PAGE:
Next up, we have Bridget’s work!  Bridget was very interested in using the darker graphite pencil and the blending tool.  She was also very interested in working with fine lines, and doing small details.  She did a great job on precise linework on the scales of her mermaid’s tale, as well as with the parts of the clouds that were darker.  The blending tool helped smooth those lines out, giving the sky a rich variety of different types of gray.  And finally, the girls took a break and did some portraits of one another, and as you can see below she drew a portrait of Zoe!

Bridget

And next up, we have Audrey’s work!  Audrey is a passionate “Archie” comics fan, and wanted to create her own drawings and stories based on those characters.  She decided to work as a penciller, where she drew all of her story and characters in pencil, and traced over them with a cartooning ink pen.  Audrey followed the rules of pencilling perfectly, and made sure not to over-shadow her drawings, so that it would be easier to ink them.  She let enough pencil show through to get some nice grays, but mostly let the ink work do the talking.  Her characters were well designed, and had hilarious facial expressions (look at jealous Veronica and love-struck Archie!).  Scroll down to read her story of Betty and Veronica’s continued rivalry over Riverdale’s favorite red-head.

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And last, but not least, a few of the girls took a break during class to draw portraits of one another!  Based on the drawing styles you’ve seen above, can you guess who sat for what portrait, and which student DREW that person?

Zoe Portrait

 

 

 

 

 

 

 

 

 

 

 

 

 

 

 

 

 

 

 

 

 

 

 

 

 

 

 

 

 

 

 

 

Portrait Maybe By Bridget or by zoe of bridget

 

 

 

 

 

 

 

 

 

 

 

 

 

 

 

 

 

 

 

 

 

 

 

 

drawing of zoe maybe by ashlee

 

 

 

 

 

 

 

 

 

 

 

 

 

Thanks for reading, and stay tuned for the next “Comics for Kids” recap!

 Posted by at 12:52 pm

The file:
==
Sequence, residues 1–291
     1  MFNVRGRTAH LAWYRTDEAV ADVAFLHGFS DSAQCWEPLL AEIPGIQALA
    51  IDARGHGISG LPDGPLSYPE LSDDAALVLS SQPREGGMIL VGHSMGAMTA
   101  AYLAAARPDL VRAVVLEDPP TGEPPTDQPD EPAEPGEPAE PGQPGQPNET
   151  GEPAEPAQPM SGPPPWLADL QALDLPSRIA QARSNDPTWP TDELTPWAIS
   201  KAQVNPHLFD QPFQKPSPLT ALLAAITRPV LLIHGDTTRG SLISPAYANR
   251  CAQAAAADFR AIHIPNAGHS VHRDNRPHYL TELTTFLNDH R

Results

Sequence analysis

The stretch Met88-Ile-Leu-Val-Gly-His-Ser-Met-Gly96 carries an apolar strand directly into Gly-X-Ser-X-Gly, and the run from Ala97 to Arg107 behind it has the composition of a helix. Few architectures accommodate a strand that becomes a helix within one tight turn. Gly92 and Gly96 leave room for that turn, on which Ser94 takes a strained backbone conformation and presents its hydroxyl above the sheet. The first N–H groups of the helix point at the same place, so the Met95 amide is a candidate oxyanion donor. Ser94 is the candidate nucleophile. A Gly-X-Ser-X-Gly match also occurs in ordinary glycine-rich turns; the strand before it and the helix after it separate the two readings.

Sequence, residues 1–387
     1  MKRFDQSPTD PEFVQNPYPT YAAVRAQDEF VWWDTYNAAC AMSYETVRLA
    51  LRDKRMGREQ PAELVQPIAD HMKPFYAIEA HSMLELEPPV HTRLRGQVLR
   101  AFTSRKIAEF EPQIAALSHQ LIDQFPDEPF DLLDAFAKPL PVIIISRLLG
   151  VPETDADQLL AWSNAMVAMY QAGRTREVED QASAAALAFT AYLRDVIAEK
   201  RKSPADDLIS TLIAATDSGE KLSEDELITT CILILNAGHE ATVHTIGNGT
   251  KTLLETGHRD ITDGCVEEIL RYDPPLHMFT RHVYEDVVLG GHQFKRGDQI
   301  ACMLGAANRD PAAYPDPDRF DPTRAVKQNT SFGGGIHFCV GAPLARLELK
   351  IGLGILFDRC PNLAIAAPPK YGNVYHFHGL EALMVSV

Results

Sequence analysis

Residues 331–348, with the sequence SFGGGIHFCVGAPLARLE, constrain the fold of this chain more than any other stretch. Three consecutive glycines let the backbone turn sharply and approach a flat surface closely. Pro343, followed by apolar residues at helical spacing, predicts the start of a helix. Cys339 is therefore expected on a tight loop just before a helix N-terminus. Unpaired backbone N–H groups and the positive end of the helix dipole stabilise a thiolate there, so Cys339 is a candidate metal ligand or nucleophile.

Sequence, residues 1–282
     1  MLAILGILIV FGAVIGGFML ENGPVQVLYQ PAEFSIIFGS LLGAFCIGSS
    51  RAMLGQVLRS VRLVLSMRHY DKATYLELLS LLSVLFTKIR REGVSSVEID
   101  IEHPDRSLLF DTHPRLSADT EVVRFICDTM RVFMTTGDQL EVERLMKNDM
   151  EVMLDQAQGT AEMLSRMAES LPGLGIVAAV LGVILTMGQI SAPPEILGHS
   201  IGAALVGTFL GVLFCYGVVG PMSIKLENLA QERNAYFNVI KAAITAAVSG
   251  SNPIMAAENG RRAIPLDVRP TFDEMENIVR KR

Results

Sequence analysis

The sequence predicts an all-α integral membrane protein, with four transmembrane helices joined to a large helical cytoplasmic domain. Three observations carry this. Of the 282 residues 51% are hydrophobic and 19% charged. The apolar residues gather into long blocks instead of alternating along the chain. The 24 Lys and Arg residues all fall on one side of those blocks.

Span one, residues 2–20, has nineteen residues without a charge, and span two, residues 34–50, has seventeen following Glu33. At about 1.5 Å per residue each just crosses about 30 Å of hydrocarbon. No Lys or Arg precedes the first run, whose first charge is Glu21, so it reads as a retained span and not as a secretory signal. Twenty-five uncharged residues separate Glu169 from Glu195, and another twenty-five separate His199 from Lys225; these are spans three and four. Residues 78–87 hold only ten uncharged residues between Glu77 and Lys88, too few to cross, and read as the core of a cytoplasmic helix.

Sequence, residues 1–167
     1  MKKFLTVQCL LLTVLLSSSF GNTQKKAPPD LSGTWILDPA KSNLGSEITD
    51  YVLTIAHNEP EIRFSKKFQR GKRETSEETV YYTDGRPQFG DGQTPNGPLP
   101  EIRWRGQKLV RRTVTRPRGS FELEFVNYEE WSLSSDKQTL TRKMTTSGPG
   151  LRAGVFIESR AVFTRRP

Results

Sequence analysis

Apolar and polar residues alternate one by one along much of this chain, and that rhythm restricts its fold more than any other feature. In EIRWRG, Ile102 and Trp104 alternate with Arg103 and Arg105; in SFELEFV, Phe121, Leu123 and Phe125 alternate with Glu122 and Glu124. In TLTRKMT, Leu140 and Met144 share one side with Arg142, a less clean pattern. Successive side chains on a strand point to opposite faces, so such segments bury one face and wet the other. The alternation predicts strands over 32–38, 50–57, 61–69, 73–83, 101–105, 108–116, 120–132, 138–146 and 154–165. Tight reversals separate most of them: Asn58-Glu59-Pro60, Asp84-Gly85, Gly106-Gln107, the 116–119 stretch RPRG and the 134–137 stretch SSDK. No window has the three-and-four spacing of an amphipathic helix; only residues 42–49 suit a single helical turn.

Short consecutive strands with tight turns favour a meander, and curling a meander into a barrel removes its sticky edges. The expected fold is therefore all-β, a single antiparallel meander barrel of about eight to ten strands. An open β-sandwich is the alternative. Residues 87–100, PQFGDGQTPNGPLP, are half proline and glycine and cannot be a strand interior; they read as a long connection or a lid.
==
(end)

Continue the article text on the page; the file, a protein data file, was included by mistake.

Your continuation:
Sep 032013
 

Hi everyone!  Here’s another lesson from the Comics for Kids Division over at Meltdown University.

As previously mentioned, there will be a few of these entries to catch everyone up on the lessons recently had, and the students recent work.  Below is the lesson from the week of August 15th!   As always, scroll down to read and see what the students learned, and look out for the follow up blog to see their actual artwork.

FABLES, FAIRY TALES, and DRAGONS!

Lots of artists like stories where magical things happen— whether that means “Magic the Gathering,” “Dungeons and Dragons,” or “Harry Potter,” magic is used in comic book world quite a lot. and “true magic,” making something fantastical (like a talking bunny with powers), creating a superhero story (because super powers are like magic, in a lot of ways), or having a story where the bad guy is punished in the end—

Fantasy stories are also often called fables, because along with cool magic elements, they often have a larger message.  This is something that falls over into Superhero stories.

NOTE:  Fairy Tales are not just for girls, and definitely not always about fairies!  Same with the Fantasy genre overall.  Pointing that out  so that everyone realizes they can draw and write stories related to this.

Fables or fairy tales are short stories that may feature fantasy characters (elves, trolls, giants, gnomes, and fairies), as well as magic or enchantments. The stories may have some kind of lesson about MORALS—meaning, what is right and what is wrong.

Here are some common themes.

1a Continue reading »

 Posted by at 11:59 pm